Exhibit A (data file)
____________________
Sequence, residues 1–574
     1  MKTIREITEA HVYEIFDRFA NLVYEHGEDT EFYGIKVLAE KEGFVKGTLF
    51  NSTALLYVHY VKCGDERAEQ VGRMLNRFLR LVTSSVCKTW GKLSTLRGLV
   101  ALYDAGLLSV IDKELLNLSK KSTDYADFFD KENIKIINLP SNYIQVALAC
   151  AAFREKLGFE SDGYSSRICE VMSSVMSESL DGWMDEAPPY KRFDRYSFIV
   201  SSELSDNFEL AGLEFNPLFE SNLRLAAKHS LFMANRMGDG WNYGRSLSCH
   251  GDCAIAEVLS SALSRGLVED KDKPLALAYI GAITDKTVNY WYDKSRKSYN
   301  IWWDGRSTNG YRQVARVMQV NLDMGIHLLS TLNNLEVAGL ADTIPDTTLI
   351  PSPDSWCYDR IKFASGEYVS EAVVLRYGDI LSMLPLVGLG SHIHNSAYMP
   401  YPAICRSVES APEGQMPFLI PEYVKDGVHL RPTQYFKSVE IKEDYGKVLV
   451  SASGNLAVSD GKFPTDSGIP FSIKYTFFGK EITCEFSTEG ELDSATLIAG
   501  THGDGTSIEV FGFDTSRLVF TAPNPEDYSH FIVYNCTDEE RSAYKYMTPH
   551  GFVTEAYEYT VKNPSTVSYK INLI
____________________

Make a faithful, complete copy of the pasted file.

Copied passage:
Sequence, residues 1–574
     1  MKTIREITEA HVYEIFDRFA NLVYEHGEDT EFYGIKVLAE KEGFVKGTLF
    51  NSTALLYVHY VKCGDERAEQ VGRMLNRFLR LVTSSVCKTW GKLSTLRGLV
   101  ALYDAGLLSV IDKELLNLSK KSTDYADFFD KENIKIINLP SNYIQVALAC
   151  AAFREKLGFE SDGYSSRICE VMSSVMSESL DGWMDEAPPY KRFDRYSFIV
   201  SSELSDNFEL AGLEFNPLFE SNLRLAAKHS LFMANRMGDG WNYGRSLSCH
   251  GDCAIAEVLS SALSRGLVED KDKPLALAYI GAITDKTVNY WYDKSRKSYN
   301  IWWDGRSTNG YRQVARVMQV NLDMGIHLLS TLNNLEVAGL ADTIPDTTLI
   351  PSPDSWCYDR IKFASGEYVS EAVVLRYGDI LSMLPLVGLG SHIHNSAYMP
   401  YPAICRSVES APEGQMPFLI PEYVKDGVHL RPTQYFKSVE IKEDYGKVLV
   451  SASGNLAVSD GKFPTDSGIP FSIKYTFFGK EITCEFSTEG ELDSATLIAG
   501  THGDGTSIEV FGFDTSRLVF TAPNPEDYSH FIVYNCTDEE RSAYKYMTPH
   551  GFVTEAYEYT VKNPSTVSYK INLI